Regarding your multifaceted symphonic musical work and your international career as a composer of classical music, do you think you are best known in Greece or abroad? How does the Greek audience differ from the audience in other countries when it comes to attending classical music concerts?
I was lucky to have my works performed both abroad and in Greece. The truth is that when you listen to your work being performed by an orchestra like the one of BBC or of Moscow, when you hear it performed in sacred and historical places like the Westminster Abbey and when it is presented for the first time and is supported by foreign institutions like Laterna Magic of the National Theatre in Prague, that is the point when you understand how much a composer depends on a good performance. The performer, the soloist, the orchestra consist the other half of the work that could either undermine it or elevate it.
You are a composer, a university professor and the main agent in important cultural initiatives (Volos Symphony Orchestra, Volos International Festival, GEFYRES Programme (BRIDGES), Open Platforms, Cinema Music Competition, etc.). How difficult is it to combine the introversion required for the composition of musical works with the extroversion required for academic and cultural activities? Which of these activities is at the top of your priorities?
The above activities originate naturally from my personality. It is not my livelihood needs that primarily contributed to this, without underestimating them. It is the love of teaching, and the fulfillment you get when you see joy and knowledge exaltation on the faces of the university students as well as the feeling of completeness that you experience when you contribute to an important artistic performance especially in places like the Athens Concert Hall, and in different regions of Greece where I headed important international cultural institutions. You get an underlying feeling of deep satisfaction when you see the audience feel and participate emotionally and mentally and change even slightly its view of the world.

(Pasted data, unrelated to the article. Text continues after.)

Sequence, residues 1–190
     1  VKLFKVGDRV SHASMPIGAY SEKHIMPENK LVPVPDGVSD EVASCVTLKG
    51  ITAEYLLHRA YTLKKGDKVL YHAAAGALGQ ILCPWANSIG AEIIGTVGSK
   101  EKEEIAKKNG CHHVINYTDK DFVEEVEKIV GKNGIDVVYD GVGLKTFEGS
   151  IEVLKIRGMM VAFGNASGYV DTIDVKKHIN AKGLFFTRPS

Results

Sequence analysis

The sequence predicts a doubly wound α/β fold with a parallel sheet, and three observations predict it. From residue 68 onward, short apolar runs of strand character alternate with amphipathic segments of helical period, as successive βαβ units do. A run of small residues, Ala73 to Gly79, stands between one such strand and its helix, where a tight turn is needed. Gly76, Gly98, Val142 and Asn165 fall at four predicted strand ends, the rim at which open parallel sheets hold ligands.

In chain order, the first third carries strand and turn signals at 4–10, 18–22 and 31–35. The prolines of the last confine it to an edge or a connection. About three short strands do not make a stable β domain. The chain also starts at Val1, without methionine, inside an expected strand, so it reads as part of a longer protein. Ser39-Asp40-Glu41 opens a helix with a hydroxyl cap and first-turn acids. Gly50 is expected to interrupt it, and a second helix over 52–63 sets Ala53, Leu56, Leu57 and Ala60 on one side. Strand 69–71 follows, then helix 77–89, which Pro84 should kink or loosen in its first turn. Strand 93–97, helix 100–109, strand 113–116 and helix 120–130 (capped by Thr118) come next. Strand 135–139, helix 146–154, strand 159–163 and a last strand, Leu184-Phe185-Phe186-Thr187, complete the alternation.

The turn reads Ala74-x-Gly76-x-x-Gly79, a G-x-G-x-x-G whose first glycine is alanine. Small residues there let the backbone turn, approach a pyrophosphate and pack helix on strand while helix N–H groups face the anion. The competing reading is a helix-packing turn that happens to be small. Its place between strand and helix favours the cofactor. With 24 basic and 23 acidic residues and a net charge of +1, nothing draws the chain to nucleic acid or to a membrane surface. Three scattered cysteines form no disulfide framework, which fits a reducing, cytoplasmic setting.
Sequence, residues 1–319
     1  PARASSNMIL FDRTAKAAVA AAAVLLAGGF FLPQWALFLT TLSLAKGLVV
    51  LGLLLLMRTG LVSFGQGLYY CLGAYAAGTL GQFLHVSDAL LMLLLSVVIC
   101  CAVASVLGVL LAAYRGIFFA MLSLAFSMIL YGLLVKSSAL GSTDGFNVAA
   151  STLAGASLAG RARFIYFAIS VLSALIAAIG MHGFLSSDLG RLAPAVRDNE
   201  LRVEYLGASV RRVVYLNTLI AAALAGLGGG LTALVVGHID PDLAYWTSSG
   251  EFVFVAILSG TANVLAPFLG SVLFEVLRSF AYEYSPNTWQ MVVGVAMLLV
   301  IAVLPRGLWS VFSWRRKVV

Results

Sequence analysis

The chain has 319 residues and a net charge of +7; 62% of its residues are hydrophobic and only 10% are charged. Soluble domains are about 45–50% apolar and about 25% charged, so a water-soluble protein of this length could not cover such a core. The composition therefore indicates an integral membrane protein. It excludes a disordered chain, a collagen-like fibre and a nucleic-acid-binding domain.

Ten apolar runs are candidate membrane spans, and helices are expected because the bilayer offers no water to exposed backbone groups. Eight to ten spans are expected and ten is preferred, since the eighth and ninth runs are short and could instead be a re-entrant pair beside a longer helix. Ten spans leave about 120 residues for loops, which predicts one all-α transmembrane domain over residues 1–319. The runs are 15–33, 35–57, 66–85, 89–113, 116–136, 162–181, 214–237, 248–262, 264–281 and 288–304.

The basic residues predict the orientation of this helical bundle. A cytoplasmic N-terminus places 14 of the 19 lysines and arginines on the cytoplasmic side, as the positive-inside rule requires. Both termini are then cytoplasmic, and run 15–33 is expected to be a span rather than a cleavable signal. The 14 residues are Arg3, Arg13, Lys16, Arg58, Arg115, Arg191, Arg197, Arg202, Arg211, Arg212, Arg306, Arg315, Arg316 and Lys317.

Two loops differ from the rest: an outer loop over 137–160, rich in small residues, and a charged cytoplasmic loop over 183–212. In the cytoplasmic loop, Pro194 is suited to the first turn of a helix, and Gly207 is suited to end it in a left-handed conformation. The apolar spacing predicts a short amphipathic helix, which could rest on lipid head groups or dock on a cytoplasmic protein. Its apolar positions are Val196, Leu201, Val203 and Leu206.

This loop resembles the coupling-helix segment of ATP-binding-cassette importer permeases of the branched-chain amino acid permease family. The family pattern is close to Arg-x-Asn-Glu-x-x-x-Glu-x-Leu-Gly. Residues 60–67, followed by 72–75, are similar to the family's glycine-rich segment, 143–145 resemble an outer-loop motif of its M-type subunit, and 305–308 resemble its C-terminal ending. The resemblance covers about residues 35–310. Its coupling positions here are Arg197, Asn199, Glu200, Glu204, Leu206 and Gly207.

All the above have not been obstacles to my work as a composer. I have always been offering composition my whole time and energy, and this helps me eliminate all fatigue either mental or physical.
Angela Najaryan, Paul Evernden (EOS ensemble)
You have recently collaborated with EOS Trio, a music ensemble composed of three talented musicians, the clarinet player of Greek origin Paul Evernden, the violinist Angela Najaryan and the pianist Jelena Makarova, who premiered in the UK your work "On the Crest of the Sea". Would you please tell us more about this collaboration and about this great ensemble?
I was really impressed by the dynamism and the high performance quality of this ensemble and especially by its attitude towards music. It is open to all contemporary musical expressions but moving with the same ease within the repertoire of older times. I was really glad when I was informed that the creative core of Paul Evernden and Angela Najaryan envision the scheme as a more versatile music ensemble that could be expanded embracing more musicians or operate in some cases as a duo. I believe that they have excellent prospects and they have already had a remarkable impact.
LILIPOUPOLI was one of the most successful children’s programmes on Greek radio in the 1970s. What do you think was the secret of its success? In your opinion, apart from its undeniable quality, how much did the social and cultural conditions of the ‘70s contribute to the success of LILIPOUPOLIS?
Lilipoupoli was the fruit of the unique creative freedom concept that characterised the period of the Third Radio Programme of the Hellenic Broadcasting Corporation (ERT) under the direction of Manos Hadjidakis. Certainly, the refreshing post-dictatorial wind that blew at that time played an important role. The creative team of Lilipoupoli worked with imagination, spontaneity and without treating children like underdeveloped adults. Of course, we couldn’t predict back then that the radio show’s songs would travel through three generations and would reach our time fresh and alive through recordings, publications and concerts. Despite the reactions we worked uncensored in a state media by following Hadjidakis' wise instructions. "You are in a public station. You will set the limits yourselves with responsibility and a sense of freedom”.